Notably, policies or rules to protect workers or school children are not on the list of federal smoke-related actions. The federal government is investing heavily in smoke research, situational awareness, and hazardous fuels mitigation but has thus far not implemented rules mandating protection from unhealthy air quality. As a result, states have stepped in with piecemeal protections, and a person’s level of regulatory protection depends on their jurisdiction.
Currently, only California and Oregon mandate employers protect workers from wildland fire smoke. (Washington is in the process of finalizing a similar rulemaking to replace an emergency rule that expired in September 2022.) Protections vary among these states based on air quality, work environment, and enforcement.
This fragmented landscape could be rectified by a federal requirement to limit worker wildland fire smoke exposure. In a 2022 consensus study report, a NASEM committee recommended OSHA set standards for wildfire smoke exposure and mandate employers protect workers. As part of that report, the committee also recommended that Congress expand OSHA’s authority to cover “unpaid volunteers, family members of farm employees, domestic workers in residential settings, gig workers, and many workers now categorized as independent contractors,” all of whom are not currently protected under OSHA authority.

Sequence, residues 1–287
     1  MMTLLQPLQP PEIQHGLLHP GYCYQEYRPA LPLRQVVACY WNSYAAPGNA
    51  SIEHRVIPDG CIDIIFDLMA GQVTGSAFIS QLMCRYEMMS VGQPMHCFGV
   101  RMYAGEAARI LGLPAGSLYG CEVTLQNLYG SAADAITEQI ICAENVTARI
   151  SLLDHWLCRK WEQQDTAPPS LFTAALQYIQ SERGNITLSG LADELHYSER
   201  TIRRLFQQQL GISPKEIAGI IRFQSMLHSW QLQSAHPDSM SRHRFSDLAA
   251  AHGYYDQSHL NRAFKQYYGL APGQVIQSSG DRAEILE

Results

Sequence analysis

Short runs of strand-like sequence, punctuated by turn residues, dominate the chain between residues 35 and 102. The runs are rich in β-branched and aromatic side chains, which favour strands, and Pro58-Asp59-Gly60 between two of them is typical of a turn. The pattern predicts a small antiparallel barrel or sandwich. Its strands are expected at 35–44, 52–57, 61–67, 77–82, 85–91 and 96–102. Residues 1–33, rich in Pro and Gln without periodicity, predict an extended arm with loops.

While there are no EPA or OSHA indoor air quality standards for particulate matter or wildland fire smoke, ASHRAE is preparing guidance for commercial buildings that localities can adopt to better protect indoor workers and school children from smoke’s harmful effects. (Formerly known as the American Society of Heating, Refrigerating and Air-Conditioning Engineers, ASHRAE develops and publishes standards and guidance for the heating, ventilation and air conditioning (HVAC) industry.) In 2021, ASHRAE released a framework for commercial buildings and schools to protect occupants from wildland fire smoke. At time of publication, ASHRAE’s formal guidance, Guideline 44-202x: Protecting Building Occupants from Smoke During Wildfire and Prescribed Burn Events, is available for public review. Experts from several federal agencies (EPA, NIST, CDC-NIOSH, GSA) are members of the ASHRAE committee that created the forthcoming guidance. States and localities can adopt or encourage the adoption of this guidance to help their communities better prepare for smoke events.
Funding and Legislation for Community Assistance